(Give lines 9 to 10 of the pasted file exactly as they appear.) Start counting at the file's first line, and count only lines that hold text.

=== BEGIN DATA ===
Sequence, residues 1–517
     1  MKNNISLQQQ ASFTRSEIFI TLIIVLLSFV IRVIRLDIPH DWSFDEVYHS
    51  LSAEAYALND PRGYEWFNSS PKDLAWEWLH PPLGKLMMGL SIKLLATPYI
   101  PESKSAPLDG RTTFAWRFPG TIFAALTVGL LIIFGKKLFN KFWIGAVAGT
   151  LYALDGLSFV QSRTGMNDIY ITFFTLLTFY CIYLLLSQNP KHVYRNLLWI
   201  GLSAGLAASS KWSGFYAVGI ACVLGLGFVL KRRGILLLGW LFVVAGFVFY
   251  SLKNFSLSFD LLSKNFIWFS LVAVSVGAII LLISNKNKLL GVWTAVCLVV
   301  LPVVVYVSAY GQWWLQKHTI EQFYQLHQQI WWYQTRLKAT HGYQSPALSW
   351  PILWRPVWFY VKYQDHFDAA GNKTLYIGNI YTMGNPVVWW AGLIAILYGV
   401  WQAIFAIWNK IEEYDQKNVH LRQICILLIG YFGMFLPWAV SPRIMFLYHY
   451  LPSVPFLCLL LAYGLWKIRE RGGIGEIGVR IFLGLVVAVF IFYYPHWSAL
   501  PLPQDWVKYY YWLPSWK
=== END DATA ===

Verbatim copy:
   351  PILWRPVWFY VKYQDHFDAA GNKTLYIGNI YTMGNPVVWW AGLIAILYGV
   401  WQAIFAIWNK IEEYDQKNVH LRQICILLIG YFGMFLPWAV SPRIMFLYHY